When in 1985 Mikhail Gorbachev took over as General Secretary of the CPSU (Communist Party of the Soviet Union), which was de facto equivalent to a presidency of the USSR, succeeding three gerontes (Brezhnev, Andropov and Chernenko), few imagined that this change would represent a turning point in the world, putting an end to the Cold War of the time.

His leadership lasted about six years, ending at the very moment of the dissolution of the Soviet Union at the end of 1991. Shortly afterwards, in 1996, Gorbachev ran for president in Russia, winning about 1% of the vote. He was not well liked in Russia: to some, he was a communist “apparatchik” who tried to make reforms for it to make the CPSU the sole party in Soviet power; to others, he was a Western agent whose goal was the demise of the USSR and communism. For all, he was associated with a period of great instability and material deprivation. From the beginning of his presidency, his tendency towards freedom, openness and peace began to be seen, which aroused great hopes around the world. However, this produced a reaction in the Soviet power strata, which saw their privileges endangered. On the other hand, the Western counterpart, short-sighted to any historical process, saw an opportunity for new business. Constrained by these two poles of pressure, Gorbachev moved skilfully until 1989, the year of the fall of the Berlin Wall, the symbolic date marking the end of the Cold War. From then on, the economic situation in the Soviet Union began to deteriorate, something to which its citizens were not accustomed. Curiously, the shortages experienced in the last months of his term of office miraculously disappeared the day after the USSR was dissolved.

Gorbachev, like all people, made many mistakes, some of which have had serious consequences (the current war in Ukraine could be considered a consequence, the result of NATO’s advance and Putin’s subsequent reaction). We could say that his project failed, because the USSR dissolved, and the years that followed were ones of great chaos and hardship in the former Soviet territories, particularly Russia under Yeltsin. The end of the Cold War that was achieved, and which was a great achievement, is now all but liquidated. Their yearning for peace, prosperity and freedom for the whole world was not fulfilled. Of course, the reasons for the failure to realise these aspirations are many, but the main culprits are to be found elsewhere, far away from Gorby and his entourage.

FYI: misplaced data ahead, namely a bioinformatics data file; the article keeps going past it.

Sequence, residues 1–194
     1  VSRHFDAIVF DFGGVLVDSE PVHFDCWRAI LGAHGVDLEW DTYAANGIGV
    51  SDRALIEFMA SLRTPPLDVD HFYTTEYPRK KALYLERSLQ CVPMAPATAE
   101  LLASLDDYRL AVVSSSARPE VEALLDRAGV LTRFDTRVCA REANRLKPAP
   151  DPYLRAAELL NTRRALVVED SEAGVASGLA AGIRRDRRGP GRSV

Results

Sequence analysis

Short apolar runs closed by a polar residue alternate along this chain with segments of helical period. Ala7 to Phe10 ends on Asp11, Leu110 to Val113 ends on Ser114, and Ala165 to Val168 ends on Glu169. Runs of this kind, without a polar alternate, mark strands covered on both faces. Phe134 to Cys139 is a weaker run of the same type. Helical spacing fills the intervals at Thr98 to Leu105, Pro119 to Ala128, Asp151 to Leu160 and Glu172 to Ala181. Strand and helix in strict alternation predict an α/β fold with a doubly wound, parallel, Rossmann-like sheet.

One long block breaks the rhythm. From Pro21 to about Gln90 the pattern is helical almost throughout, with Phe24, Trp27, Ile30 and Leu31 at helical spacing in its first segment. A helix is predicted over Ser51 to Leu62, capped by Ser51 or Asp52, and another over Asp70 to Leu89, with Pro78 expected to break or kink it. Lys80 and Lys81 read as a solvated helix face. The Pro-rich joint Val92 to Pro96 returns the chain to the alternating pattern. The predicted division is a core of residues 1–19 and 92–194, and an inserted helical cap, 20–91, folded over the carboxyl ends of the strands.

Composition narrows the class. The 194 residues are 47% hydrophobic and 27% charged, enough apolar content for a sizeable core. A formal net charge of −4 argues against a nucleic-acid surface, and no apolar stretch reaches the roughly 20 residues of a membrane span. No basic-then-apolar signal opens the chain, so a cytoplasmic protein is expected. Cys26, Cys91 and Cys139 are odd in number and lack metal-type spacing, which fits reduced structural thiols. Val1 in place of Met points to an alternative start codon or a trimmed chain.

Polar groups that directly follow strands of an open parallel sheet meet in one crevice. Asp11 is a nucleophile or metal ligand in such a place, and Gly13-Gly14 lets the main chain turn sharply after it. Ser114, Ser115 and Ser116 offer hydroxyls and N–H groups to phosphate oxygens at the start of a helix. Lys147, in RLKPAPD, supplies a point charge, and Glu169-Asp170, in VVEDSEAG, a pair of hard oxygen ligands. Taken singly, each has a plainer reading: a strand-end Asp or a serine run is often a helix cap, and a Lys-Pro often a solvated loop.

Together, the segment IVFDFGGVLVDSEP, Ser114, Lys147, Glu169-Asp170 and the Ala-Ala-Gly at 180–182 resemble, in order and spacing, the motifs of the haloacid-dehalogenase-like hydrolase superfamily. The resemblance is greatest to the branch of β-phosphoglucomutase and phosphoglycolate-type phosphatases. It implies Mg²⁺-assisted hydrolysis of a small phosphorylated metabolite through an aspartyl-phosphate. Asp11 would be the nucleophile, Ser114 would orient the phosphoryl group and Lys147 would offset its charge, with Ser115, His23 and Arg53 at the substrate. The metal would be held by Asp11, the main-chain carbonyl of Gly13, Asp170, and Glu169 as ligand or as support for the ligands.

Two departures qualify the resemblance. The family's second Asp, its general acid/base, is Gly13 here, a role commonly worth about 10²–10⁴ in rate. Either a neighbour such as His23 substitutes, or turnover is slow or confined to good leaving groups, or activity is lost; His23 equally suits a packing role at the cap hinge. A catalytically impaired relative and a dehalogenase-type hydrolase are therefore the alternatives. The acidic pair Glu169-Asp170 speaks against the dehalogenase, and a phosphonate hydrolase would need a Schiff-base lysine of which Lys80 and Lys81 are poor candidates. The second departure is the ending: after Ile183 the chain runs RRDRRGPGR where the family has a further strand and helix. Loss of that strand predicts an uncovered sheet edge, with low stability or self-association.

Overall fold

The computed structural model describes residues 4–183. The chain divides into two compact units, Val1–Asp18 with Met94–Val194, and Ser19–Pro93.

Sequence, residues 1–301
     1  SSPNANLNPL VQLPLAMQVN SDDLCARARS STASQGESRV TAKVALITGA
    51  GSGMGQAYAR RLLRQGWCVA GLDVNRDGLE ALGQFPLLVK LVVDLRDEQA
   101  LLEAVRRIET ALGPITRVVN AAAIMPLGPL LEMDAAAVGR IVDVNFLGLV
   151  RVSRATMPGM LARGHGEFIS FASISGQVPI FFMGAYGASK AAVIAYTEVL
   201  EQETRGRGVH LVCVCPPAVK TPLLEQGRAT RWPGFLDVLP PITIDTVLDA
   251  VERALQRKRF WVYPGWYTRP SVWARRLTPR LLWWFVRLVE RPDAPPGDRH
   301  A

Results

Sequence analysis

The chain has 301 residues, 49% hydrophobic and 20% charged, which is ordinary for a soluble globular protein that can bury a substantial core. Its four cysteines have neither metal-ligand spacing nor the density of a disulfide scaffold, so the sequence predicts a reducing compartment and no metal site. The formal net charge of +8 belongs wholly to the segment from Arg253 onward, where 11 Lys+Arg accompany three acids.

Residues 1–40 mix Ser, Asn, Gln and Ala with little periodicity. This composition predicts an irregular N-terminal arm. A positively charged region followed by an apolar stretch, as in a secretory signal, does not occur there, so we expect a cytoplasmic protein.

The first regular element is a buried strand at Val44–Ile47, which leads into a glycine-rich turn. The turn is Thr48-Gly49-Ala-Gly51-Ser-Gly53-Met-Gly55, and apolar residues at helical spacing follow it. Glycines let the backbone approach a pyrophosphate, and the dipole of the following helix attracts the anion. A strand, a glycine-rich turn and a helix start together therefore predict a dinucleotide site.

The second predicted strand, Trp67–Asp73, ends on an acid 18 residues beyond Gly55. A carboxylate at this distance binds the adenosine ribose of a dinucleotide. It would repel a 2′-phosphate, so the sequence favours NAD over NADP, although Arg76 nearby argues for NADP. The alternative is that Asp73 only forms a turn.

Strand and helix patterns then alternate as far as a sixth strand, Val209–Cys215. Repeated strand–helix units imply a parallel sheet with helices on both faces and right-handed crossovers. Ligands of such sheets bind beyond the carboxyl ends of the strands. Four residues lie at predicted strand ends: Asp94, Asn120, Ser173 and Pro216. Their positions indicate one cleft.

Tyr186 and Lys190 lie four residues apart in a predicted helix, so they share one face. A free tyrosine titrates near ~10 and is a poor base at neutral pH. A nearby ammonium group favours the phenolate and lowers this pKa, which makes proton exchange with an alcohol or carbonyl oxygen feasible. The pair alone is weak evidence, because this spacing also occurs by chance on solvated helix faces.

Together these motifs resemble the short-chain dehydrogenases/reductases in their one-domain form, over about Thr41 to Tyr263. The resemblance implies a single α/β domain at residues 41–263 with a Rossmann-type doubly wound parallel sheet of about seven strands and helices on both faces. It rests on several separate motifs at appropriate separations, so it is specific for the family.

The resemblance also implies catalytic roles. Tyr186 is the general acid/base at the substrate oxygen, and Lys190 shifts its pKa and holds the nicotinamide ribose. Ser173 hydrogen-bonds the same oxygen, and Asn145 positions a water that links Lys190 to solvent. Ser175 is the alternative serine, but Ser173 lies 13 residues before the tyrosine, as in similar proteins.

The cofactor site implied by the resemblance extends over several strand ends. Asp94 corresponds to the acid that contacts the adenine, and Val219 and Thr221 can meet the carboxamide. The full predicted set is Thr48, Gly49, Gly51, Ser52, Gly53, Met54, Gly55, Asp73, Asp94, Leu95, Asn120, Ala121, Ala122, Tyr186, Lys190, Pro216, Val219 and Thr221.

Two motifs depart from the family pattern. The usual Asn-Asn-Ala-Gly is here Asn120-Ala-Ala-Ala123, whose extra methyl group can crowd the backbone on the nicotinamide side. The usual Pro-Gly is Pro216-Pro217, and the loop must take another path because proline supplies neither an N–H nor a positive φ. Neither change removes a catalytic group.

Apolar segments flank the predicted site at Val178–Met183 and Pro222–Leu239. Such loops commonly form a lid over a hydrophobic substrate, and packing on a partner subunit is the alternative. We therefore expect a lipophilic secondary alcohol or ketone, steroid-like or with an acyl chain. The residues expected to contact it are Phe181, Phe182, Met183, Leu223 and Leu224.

Their main mistake was to rely too much on their counterparts, both American and European. The great leaders of Western capitalism did not think of the historic opportunity that lay before them, but only of the short-term profitability they could obtain. It is this narrow and mean-spirited vision that has prevented peace, prosperity and freedom from spreading around the world.

Yesterday Gorbachev left this plane of existence. Whether he was a great politician is debatable, but he was undoubtedly a good person and a great humanist. By contrast, his peers in the West were mediocre politicians of dubious goodness. His legacy, beyond the factual consequences, is a role model: Gorby was a humanist of very good intentions. If only his example would spread and we would see more and more political and economic leaders with good intentions. This would bring us closer to the longed-for aspirations of peace, prosperity and freedom.